The art of editing is a bit of an ephemeral skill, and apart from an editor’s credentials it can be difficult to know how seriously to take their notes. Sure, if the person works at Random Penguin Harlequin Harper House and has edited every famous Jonathan under the sun, you may wish to give their notes some extra care.
But good editors come in all shapes and sizes, even outside of the publishing industry, and chances are you’re going to be squinting at a critique partner’s or spouse’s notes and wondering whether to trust them.
Ultimately it’s up to you and your gut to decide which suggestions to take or not take, but here are a few ways to know if you have a good editor:
A good editor will not tell you how they would write the book
Bottom line, a good editor knows it is not their book. It is your book and it is their job as an editor to be somewhat egoless and try as best as they can to help you write your book and achieve your vision.
When you get notes or critiques from a good editor, they should be consistent with what you set out to do as a writer. If they’re wildly divergent from what you’re trying to do, either they don’t get your book or they may not be a good editor and are trying to impose their own ideas on you.
A good editor will not tell you precisely how to fix a plot hole
Good editors tend to focus more on spotting problems than prescribing solutions. Sure, they may have some ideas about how to get a character from Point A to Point B in a cleaner fashion, but these ideas should be offered up more to illustrate potential directions than as concrete “take them or leave them” suggestions.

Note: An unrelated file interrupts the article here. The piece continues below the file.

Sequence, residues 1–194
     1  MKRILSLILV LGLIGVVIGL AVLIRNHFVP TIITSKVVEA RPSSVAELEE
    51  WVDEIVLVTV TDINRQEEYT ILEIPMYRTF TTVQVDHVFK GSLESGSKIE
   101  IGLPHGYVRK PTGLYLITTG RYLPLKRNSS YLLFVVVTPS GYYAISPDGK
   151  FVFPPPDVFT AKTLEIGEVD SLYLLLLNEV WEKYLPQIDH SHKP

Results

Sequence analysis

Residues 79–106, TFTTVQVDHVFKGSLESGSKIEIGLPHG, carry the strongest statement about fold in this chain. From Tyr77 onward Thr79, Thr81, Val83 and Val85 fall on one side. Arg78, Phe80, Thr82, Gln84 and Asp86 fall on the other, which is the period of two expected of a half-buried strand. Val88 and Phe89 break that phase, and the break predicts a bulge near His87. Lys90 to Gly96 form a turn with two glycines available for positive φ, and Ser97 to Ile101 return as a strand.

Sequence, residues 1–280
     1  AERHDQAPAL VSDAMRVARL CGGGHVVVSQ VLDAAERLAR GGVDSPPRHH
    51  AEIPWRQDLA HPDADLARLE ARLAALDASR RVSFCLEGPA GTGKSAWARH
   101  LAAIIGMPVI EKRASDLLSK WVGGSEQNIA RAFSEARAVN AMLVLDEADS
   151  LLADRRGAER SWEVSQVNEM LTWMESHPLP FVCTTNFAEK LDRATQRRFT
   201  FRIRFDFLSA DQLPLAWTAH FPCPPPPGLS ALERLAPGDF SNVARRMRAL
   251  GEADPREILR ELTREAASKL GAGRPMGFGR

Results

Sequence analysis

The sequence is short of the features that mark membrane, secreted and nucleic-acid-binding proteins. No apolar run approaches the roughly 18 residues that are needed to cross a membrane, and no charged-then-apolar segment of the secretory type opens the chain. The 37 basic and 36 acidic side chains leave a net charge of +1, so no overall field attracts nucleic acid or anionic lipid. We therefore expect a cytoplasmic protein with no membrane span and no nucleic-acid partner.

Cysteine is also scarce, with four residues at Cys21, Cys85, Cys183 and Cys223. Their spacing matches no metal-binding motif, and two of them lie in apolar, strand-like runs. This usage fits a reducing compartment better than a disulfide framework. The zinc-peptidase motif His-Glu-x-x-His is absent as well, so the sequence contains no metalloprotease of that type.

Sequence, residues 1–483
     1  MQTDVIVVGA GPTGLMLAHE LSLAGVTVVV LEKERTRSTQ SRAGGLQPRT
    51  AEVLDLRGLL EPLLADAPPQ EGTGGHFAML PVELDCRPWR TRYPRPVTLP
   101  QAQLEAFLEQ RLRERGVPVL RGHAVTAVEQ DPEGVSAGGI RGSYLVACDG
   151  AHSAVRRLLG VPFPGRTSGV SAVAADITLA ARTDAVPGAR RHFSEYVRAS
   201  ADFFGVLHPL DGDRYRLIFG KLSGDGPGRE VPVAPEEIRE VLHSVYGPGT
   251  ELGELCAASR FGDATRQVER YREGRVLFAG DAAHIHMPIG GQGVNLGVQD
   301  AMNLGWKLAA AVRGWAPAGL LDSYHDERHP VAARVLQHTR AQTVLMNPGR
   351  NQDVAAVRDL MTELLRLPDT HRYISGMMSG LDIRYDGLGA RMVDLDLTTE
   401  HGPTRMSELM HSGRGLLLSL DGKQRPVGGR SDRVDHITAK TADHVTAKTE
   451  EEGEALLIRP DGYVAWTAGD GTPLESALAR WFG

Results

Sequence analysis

Chances are the author will come up with the best possible solution to address key problems, because no one else knows the world of the novel and the characters better than they do.
A good editor will not tell you they love everything
This is exactly what you want to hear and is not helpful at all.
A good editor will not tell you they hate everything
This also is not helpful.
A good editor will focus their suggestions at the right level
Some books need a ton of work. If this is the case, the advice should be synthesized at a very high level — plot structure, characters, voice.
Some books are in good shape but need refinement. In this case, the advice should be more focused on chapter structure, plot holes, tightening.
Some books are nearly ready and need fine tuning. In this case, the advice should be more along the lines of line edits, dialogue, prose.
When an editor thinks entire plot arcs need to change, it’s not particularly helpful to also provide minor line edits on chapters that could be removed entirely, except to illustrate broader points.
A good editor may frustrate you, but will also give you “ah ha!” moments
When an editor makes me mad, it usually means they’re right but my brain is resisting the change. A good editor will absolutely frustrate you at times. That’s totally normal.
But a good editor will also leave you smacking your head with things you can’t believe you didn’t see and get you jazzed up to make your book better.
At the end of the day, you are the actual editor, and you have to decide which course to take with your book. But a good editor will feel like a great teammate and coach along the way, even if they frustrate the heck out of you.
Art: The Village Carpenter by Tony Offermans